Choice in drug plans working for seniors

Opponents of the new Medicare prescription drug benefit often claim that "the dizzying array of choices is overloading beneficiaries and discouraging them from signing up" ("Changes in drug benefit weighed," March 15).

 

But choice is exactly what is giving some seniors a better deal than anyone anticipated when Congress drafted the drug benefit.

 

The private plans offering coverage are competing intensely for customers,

And seniors are reaping the rewards.

 

One prescription drug plan costs as little as $1.87 a month in premiums. Others eliminate the $250 deductible so seniors get first-dollar coverage. And still others are providing drug coverage for the dreaded "doughnut hole," the gap in the standard plan in which insurance coverage is interrupted between low and high drug expenses.

 

Seniors have until May 15 to sign up. And the wide variety of choices gives them an opportunity to find a plan that's ideally suited to their prescription needs.

 

Grace-Marie Turner

Alexandria, Va.

 

The writer is president of the Galen Institute, a nonprofit research organization that studies health care policy.

 

SHARE THIS ARTICLE

About the author

Opponents of the new Medicare prescription drug benefit often claim that "the dizzying array of choices is overloading beneficiaries and discouraging them from signing up" ("Changes in drug benefit weighed," March 15).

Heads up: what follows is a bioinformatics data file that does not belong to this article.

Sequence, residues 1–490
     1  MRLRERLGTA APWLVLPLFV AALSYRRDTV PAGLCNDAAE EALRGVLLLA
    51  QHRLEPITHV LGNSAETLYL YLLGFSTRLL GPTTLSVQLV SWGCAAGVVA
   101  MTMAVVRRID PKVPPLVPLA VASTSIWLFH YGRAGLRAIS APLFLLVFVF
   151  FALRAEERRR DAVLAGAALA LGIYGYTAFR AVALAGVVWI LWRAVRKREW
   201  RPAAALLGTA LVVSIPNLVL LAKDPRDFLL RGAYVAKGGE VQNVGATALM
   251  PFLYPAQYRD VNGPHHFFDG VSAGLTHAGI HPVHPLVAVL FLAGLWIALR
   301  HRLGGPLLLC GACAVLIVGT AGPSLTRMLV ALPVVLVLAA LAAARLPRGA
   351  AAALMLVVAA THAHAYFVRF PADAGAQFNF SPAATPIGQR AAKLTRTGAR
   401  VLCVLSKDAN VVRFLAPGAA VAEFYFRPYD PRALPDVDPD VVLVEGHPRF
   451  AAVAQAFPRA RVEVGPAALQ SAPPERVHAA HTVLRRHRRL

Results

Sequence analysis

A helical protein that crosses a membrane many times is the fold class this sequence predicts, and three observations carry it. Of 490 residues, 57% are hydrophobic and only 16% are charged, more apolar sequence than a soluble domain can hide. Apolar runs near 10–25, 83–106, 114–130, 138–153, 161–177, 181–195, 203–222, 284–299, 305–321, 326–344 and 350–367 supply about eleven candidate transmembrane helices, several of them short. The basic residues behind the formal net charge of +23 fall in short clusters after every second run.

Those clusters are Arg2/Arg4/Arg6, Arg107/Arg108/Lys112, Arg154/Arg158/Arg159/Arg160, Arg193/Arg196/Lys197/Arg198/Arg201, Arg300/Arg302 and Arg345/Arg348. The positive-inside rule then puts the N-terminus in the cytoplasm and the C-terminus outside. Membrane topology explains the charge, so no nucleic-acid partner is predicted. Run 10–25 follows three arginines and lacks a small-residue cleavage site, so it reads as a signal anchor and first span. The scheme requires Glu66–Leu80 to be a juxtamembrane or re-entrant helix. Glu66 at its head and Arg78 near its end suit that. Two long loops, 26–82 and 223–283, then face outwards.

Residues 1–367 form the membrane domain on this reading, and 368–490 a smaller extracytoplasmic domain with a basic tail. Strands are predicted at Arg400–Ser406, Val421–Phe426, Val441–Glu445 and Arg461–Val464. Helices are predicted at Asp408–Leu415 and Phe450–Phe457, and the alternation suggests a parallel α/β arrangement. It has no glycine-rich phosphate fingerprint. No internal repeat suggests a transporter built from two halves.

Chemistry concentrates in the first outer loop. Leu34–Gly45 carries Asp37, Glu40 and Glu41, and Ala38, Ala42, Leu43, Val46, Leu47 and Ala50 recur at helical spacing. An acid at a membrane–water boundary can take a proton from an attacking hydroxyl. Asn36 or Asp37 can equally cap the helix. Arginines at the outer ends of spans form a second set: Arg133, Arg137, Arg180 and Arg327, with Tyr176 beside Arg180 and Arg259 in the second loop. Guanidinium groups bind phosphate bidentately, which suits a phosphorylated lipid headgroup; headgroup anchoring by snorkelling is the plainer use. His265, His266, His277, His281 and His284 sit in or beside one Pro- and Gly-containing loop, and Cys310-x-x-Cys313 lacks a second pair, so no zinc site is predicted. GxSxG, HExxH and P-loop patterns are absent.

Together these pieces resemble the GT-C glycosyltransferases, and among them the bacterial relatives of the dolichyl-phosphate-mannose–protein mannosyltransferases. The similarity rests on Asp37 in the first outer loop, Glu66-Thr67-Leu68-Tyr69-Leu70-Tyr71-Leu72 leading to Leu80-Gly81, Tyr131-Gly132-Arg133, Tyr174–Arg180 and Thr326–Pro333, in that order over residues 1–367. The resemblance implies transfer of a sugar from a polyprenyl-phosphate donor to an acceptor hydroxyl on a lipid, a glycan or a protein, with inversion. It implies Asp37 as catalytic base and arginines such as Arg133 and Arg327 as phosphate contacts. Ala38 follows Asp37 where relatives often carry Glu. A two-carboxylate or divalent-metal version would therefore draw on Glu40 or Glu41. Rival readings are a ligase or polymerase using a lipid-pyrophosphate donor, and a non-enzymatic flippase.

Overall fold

But choice is exactly what is giving some seniors a better deal than anyone anticipated when Congress drafted the drug benefit.

 

The private plans offering coverage are competing intensely for customers,

And seniors are reaping the rewards.

 

One prescription drug plan costs as little as $1.87 a month in premiums. Others eliminate the $250 deductible so seniors get first-dollar coverage. And still others are providing drug coverage for the dreaded "doughnut hole," the gap in the standard plan in which insurance coverage is interrupted between low and high drug expenses.

 

Seniors have until May 15 to sign up. And the wide variety of choices gives them an opportunity to find a plan that's ideally suited to their prescription needs.

 

Grace-Marie Turner

Alexandria, Va.

 

The writer is president of the Galen Institute, a nonprofit research organization that studies health care policy.

 

SHARE THIS ARTICLE

About the author